this is more sensible to me, and how to play games ( and how you may teach to hack into games and make machinima) is of course a critical question (is it? after all?) , but I hardly would have thought that you assume the "multibillion dollar industry" (John Sharp) is providing easy access to salvation. I would have thought the opposite. (John writes: "Games hold so many conflicting roles in culture, among them: the silver bullet for education (c.f. Quest 2 Learn, Games for Change, military training); the secret weapon for marketing; a multi-billion dollar entertainment industry; a pariah to blame for violence, apathy and disintegration. How did games get to the point that they can be so many things for so many in so short a time? Or has it always been this way?).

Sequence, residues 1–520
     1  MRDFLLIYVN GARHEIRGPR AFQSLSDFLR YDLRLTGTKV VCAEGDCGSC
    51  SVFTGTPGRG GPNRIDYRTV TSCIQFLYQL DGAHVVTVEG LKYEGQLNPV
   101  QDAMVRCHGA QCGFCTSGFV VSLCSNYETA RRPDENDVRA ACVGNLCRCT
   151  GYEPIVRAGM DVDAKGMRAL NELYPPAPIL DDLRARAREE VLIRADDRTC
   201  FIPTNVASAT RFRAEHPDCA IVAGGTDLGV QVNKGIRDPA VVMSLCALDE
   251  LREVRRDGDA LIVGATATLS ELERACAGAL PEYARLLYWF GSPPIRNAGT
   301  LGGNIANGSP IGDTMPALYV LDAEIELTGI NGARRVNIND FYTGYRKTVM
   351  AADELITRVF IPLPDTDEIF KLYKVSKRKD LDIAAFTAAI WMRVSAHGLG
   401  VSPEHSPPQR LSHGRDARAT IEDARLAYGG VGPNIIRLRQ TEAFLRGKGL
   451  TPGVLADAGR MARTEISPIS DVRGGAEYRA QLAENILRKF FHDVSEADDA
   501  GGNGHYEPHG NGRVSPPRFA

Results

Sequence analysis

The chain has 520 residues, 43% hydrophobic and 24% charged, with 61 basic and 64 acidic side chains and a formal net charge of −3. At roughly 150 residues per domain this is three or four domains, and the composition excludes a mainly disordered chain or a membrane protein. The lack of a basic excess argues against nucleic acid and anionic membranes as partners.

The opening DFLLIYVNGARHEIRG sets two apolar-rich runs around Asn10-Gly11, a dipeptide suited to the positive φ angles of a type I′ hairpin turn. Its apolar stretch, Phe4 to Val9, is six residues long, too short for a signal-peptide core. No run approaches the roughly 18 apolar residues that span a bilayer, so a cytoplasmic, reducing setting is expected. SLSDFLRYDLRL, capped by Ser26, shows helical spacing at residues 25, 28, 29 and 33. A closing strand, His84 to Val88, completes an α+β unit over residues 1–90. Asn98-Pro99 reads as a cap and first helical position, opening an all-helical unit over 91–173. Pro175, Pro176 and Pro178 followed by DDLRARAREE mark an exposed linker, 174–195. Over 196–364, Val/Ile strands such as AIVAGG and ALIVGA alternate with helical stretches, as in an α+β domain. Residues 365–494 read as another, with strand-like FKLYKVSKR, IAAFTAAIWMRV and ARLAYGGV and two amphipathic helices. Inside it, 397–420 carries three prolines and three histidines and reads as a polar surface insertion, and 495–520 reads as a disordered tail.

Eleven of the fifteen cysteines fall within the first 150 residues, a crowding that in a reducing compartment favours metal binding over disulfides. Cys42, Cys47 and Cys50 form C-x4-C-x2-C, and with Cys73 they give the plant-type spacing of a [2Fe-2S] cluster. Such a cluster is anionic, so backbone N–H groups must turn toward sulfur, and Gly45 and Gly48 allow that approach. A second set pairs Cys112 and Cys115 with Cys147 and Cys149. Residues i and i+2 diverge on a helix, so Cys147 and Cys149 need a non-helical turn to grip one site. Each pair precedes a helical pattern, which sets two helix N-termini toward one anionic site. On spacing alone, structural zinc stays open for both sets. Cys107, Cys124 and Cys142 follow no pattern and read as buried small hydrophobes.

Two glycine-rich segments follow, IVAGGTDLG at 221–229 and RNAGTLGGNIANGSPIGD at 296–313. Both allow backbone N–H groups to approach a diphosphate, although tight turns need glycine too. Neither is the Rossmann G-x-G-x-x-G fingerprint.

yes, games possibly are many things for so many. And I am not sure what to make of Joseph's comment that we are "complicit" if we make art that does not not change the world? If you cite as an example the work of Mierle Laderman Ukele, with the New York Department of Sanitation, it has nothing to do with art, and surely less with games, I would suggest, but with activism and social work [fair enough, Suzanne Lacy, back in 1995, might have included such work under the Beuys notion of social sculpture [romantic at best] and her "Mapping the Terrain: New Genre Public Art", Seattle: Bay Press), and I am convinced there are many here who have done social work, but wouldn't relate it to game engines or emotion engines (what is a play over?) or machinima. So how to change the overdeterminations, Joseph, when, unlike your army recruiter who convinced you not to go to the army, you face the recruiters in my country after the war, or in Greece or Israel or other places, where you get conscripted and you won't have a choice, and my nephew currently serves in Afghanistan (and did not have a choice) and nearly got his head blown off? The "games" we had to play in the military were horrendous. This of course has nothing to do with the dance work I create now, and whether you might think its aesthetics is complicitous (with what?), I don't worry, I know it probably simply cannot claim to change reality. Here is what my colleague Alan Sondheim just wrote on Netbehavior: